The Ottumwa Courier


October 30, 2012

Services for crime victims will be decreased

OTTUMWA — Some programs to rescue victims of domestic violence will end. But we can still try to help them.

“The money is not going to be there,” said Donna Phillips, head of the Iowa Attorney General’s Crime Victim Assistance Division. “It’s hard. We know programs are going to close.”

The programs the AG supports now include places, like the Women’s Crisis Shelter in Wapello County; and people, like the advocates who respond to victims of sexual violence.

But state and federal cuts will chop about a quarter of the budget for such programs, a loss of nearly $2 million.

Victim Assistance has been trying to come up with a way to keep as much running as possible. The public meeting in Ottumwa Monday with Phillips and Janelle Melohn, Crime Victim Assistance director, was to gather input.

The “plan” being talked about at the state level is not set in stone, said Phillips, but if the public wants to see changes, they need to supply alternatives that fit within the framework of federal and state regulations under which Victim Services operates.

Phillips said they must, without a doubt, look at how services are delivered and change it because there are very few other ways to save $2 million.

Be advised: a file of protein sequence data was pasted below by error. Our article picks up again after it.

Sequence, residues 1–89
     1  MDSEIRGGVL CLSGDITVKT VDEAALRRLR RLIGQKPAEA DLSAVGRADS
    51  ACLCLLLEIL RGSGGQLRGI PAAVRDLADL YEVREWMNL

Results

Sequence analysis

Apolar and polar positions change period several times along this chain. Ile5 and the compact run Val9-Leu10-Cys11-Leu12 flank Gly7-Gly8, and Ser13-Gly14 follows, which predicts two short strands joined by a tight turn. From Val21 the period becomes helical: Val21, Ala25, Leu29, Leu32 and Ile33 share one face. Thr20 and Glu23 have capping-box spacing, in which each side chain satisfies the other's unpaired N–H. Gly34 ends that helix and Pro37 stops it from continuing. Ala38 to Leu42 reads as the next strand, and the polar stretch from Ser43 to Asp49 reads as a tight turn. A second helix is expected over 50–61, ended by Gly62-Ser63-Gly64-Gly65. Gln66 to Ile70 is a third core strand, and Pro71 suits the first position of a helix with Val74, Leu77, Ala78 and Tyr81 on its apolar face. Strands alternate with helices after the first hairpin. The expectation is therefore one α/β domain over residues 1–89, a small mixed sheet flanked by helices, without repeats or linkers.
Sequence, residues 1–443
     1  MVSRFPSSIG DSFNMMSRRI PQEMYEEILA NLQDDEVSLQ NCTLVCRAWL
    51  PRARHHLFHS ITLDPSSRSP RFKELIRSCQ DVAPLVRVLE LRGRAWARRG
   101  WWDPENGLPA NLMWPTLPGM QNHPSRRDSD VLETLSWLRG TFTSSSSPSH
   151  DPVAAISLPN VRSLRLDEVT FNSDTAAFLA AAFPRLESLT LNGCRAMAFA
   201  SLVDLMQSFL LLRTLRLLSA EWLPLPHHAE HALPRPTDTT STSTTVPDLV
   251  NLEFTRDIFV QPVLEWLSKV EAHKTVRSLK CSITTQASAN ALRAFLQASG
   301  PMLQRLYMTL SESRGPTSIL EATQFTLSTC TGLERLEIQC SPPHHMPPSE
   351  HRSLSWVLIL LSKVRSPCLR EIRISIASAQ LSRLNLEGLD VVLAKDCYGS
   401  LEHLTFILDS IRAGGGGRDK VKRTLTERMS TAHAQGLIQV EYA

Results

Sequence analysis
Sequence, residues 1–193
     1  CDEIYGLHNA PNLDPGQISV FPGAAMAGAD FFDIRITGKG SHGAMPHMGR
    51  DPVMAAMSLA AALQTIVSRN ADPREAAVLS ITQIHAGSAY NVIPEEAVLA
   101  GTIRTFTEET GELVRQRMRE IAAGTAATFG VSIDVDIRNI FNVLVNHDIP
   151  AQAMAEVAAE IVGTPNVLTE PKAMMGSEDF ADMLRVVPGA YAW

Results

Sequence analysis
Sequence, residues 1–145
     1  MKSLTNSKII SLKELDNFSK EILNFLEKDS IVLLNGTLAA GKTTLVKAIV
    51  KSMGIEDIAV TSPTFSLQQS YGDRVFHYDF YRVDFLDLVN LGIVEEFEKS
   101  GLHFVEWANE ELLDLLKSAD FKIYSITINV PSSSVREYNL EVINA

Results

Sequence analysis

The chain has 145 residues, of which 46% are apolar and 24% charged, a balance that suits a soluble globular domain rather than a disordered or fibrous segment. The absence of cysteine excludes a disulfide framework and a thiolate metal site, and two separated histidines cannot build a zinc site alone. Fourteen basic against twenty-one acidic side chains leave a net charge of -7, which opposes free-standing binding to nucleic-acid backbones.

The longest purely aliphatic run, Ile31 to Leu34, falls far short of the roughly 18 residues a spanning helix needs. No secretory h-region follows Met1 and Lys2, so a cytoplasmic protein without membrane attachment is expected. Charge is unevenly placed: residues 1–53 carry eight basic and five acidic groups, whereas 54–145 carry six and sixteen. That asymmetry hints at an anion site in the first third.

Melohn said that because of past cuts, programs have been forced to “trim the fat” anywhere they could find it. Now there’s not a whole lot of excess where cuts can be made.

One shift could take place in an unexpected area: Reducing the number of crisis shelters available to victims of violence.

Melohn said research is increasingly showing that victims are better able to stay safe from violence if they have long-term housing. And the victim numbers tend to agree, said Phillips.

“Only 11 percent of the ... victims want [or use] shelter. But half our resources go to shelters,” Phillips said.

That’s probably not the most efficient allocation of resources, she said. But she did acknowledge how important shelter can be in some situations. A anti-violence professional attending the meeting described how important a shelter nearby was 17 years ago when she and her children faced neglect and homelessness.

Shelters would remain, the two state officials said, but not as many of them. There would be more focus on people, getting advocates out to the victims who need help. There would still be hotlines, too, for assistance in emergencies.

One area of strong resistance locally from “the public” — which primarily consisted of health professionals, elected officials and representatives of violence prevention groups — was the map in which Iowa would be divided into six regions.

The region with Wapello, Davis, Mahaska, Monroe and Appanoose counties is also in the same region as Polk County. The southern tier of rural Iowa has historically been overshadowed and out-muscled by more urban areas like Des Moines, said audience members.  

Phillips and Melohn said their office keeps a careful watch on distribution of resources, and encourages  fair and equitable access to services for victims.

But, they acknowledged, the political system can take its toll on the definition of fair.

Text Only